Grade: B

Julien Temple’s new documentary dealing with the revolutionary
Punk Rock band The Sex Pistols can be bookended with his
earlier “The Great Rock and Roll Swindle” (1980), which told
the tale of the group’s brief, notorious history and ultimate
collapse from the point of view of its self-serving manager
Malcolm McLaren, who gave himself total credit for the Pistols’
meteoric rise and put blame for their calamitous descent on the
unruly members of the band. The second picture covers much of
the same territory, but is told from the band’s perspective,
with McLaren portrayed in a far less favorable light. The
juxtaposition of the two makes for an intriguing experiment in
oral and cinematic history. And on its own terms, “The Filth
and the Fury” (the title, of course, has a Shakespearean twist,
but actually derives from a headline about the Pistols’ antics
which appeared in a Fleet Street tabloid) is certainly engaging
to watch and often compelling to ruminate on. Using lots of
found footage and old interview tapes, as well as newly-
recorded conversations, Temple manages not only to rehearse
the unhappy story of the group’s rise and fall, but to capture
quite effectively the English milieu of the time, with its
combination of economic woe, gaudy gashion and political unrest.
A good deal of the credit has to go to editor Niven Howie, who
creates some really impressive cinematic collages that catch
the frenzied spirit of the late seventies in Britain (even if
most American viewers won’t recognize figures such as Harold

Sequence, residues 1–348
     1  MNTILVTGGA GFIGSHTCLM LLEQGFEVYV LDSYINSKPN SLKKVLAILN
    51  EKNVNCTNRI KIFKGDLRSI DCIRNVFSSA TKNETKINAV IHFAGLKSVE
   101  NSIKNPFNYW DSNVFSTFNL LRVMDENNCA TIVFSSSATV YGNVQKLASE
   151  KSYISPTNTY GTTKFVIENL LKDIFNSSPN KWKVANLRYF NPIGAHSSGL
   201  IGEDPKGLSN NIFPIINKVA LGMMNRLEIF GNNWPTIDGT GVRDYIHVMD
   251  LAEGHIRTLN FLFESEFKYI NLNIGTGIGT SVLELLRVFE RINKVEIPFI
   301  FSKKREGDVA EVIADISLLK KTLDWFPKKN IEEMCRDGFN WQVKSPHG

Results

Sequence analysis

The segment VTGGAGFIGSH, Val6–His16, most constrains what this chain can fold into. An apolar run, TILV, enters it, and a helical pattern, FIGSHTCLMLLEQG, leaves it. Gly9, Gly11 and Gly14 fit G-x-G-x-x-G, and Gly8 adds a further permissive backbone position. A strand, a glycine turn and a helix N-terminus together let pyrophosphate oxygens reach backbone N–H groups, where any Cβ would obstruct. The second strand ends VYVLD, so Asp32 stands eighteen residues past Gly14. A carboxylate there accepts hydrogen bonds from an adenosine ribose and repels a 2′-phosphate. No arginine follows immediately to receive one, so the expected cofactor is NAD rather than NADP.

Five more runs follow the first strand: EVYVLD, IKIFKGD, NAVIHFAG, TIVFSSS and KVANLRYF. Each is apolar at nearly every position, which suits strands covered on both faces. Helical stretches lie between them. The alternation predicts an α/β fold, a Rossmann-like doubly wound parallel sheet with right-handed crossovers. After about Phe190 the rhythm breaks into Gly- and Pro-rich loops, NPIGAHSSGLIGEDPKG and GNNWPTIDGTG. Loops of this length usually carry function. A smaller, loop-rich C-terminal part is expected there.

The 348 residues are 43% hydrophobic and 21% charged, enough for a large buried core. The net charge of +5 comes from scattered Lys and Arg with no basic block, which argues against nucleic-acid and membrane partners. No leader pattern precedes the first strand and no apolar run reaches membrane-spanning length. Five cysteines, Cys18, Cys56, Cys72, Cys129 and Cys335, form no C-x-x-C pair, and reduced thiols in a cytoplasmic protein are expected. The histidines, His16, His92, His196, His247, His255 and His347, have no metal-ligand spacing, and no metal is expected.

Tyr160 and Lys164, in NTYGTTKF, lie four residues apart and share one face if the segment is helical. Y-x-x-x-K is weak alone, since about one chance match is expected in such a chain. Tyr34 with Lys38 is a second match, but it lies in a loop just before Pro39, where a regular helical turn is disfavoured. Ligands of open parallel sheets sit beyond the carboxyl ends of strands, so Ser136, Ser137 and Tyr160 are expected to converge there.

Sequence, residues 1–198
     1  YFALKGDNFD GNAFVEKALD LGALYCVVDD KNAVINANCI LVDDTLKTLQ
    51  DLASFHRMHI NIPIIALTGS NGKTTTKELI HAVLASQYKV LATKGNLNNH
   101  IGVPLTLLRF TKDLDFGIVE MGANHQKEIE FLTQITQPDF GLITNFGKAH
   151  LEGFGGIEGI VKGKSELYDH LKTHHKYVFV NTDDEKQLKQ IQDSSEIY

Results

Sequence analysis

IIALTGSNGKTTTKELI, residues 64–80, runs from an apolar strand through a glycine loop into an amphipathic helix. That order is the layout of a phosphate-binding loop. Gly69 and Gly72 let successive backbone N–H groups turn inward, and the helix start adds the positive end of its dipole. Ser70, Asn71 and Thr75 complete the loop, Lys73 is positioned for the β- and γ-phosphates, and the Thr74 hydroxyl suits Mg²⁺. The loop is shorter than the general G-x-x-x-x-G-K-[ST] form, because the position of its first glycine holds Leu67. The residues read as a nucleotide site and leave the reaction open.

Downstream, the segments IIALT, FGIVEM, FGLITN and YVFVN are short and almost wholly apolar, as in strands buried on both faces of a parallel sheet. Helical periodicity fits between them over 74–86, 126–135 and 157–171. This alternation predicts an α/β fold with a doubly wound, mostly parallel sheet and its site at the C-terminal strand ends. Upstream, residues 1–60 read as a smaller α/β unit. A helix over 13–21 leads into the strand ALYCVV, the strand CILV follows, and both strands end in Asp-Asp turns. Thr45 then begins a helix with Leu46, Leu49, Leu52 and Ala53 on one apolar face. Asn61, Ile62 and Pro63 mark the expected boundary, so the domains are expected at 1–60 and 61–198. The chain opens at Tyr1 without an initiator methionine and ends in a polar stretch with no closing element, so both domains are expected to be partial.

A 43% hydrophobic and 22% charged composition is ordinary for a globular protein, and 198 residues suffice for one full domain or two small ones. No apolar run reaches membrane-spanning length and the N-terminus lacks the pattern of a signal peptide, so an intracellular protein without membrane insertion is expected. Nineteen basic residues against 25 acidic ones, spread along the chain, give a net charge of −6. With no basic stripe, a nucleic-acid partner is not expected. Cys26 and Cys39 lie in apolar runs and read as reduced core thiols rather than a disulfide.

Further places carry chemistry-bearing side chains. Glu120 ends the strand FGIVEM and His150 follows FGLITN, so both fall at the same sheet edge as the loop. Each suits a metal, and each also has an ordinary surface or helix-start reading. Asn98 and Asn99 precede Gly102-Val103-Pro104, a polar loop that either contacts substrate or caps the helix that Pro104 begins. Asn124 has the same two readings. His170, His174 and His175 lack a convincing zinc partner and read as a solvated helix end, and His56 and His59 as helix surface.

Wilson and Edward Heath, who pass by in the blur). Temple also
uses found footage well to suggest that the Pistols’ raucous,
offensive style had roots in the British music-hall tradition
and the grosser side of English TV vaudeville. And the excerpts
from the Pistols’ concerts, contemporary television appearances
and offstage antics still retain the power simultaneously to
shock, amuse and appall. One can also be taken by the periodic
appearances of Laurence Olivier as the smirking villain of his
filmization of “Richard III” as witty commentary on the fashion
in which the Pistols played on their bad-boy images during their
brief time in the sun (the credit sequence is patterned after
that of Oliver’s film, too); they also amusingly reinforce
the Shakespearean tone of the title.

It must be added, however, that anybody who’s seen Temple’s
earlier film on the group and/or read John (Johnny Rotten)
Lydon’s 1994 autobiography won’t find a great deal here that’s
terribly surprising or revelatory. The new interviews with
band members–all of them, except for Rotten, curiously filmed
with their faces obscured in shadow, to no apparent point–
pretty much reiterate their old diatribes against McLaren, who’s
heard speaking through a rubber bondage mask of the sort he
used to sell in a London boutique. The visual flourishes
involved in such proceedings are intriguing, but there doesn’t
seem much purpose behind them except to energize the recycled

On the other hand, it’s certainly useful to have a few bits
from a late-in-life interview by Sid Vicious, the band member
who was accused of murdering his girlfriend and later died of
a drug overdose (and who was, it appears, quite instrumental in
insuring the group’s demise, too), even if his remarks aren’t
entirely coherent and their presence won’t displace the primacy
still rightfully held by Alex Cox’s “Sid and Nancy” (1986) on
the subject, whatever the dramatic licenses taken in that
renegade biopic.

“The Filth and the Fury” doesn’t exactly fill an enormous gap
in material on The Sex Pistols, therefore, and viewers familiar
with their story will find a good deal that’s repetitious and
redundant here. Nevertheless the group’s music, sizable
chunks of which are included, still has surprising power and
resonance in spite of (or perhaps because of) their rather
serious technical limitations, and Temple and Howie’s swift,
virtuoso editing keeps the eye and ear engaged even when
they’re not being offered anything terribly new. If you’re
unacquainted with the subject, moreover, you should find that
the piece stands on its own quite nicely and provides some
fascinating cultural history to boot.